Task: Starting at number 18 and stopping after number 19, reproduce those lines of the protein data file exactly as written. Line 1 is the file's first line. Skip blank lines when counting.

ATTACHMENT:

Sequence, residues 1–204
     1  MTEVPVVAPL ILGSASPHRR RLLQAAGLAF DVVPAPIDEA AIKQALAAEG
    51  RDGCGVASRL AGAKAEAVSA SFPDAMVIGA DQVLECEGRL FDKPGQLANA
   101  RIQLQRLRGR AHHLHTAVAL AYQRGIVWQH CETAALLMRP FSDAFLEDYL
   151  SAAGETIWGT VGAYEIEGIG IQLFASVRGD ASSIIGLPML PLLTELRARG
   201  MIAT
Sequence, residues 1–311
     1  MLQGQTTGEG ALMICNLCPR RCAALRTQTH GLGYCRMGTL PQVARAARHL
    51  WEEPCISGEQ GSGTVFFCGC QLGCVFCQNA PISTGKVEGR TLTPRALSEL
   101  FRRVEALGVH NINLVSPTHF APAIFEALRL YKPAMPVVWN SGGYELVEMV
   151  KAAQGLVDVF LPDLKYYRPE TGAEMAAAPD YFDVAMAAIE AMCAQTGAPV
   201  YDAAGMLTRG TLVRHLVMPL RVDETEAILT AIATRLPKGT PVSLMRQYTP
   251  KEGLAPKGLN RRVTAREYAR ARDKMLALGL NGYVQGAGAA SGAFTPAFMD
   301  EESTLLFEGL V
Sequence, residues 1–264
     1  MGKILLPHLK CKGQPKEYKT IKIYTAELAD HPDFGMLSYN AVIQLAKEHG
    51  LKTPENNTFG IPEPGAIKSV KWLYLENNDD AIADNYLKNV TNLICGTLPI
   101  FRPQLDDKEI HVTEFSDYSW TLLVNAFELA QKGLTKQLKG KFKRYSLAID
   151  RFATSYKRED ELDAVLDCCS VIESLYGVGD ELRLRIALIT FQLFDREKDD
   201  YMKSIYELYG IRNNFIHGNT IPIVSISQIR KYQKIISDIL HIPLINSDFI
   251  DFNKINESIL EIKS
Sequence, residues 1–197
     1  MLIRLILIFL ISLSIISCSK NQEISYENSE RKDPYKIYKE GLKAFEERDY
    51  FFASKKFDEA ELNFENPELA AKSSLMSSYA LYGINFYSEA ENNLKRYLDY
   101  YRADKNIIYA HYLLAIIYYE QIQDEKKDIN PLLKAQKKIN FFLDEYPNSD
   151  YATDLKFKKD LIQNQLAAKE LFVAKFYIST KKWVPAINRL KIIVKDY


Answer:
   101  FRPQLDDKEI HVTEFSDYSW TLLVNAFELA QKGLTKQLKG KFKRYSLAID
   151  RFATSYKRED ELDAVLDCCS VIESLYGVGD ELRLRIALIT FQLFDREKDD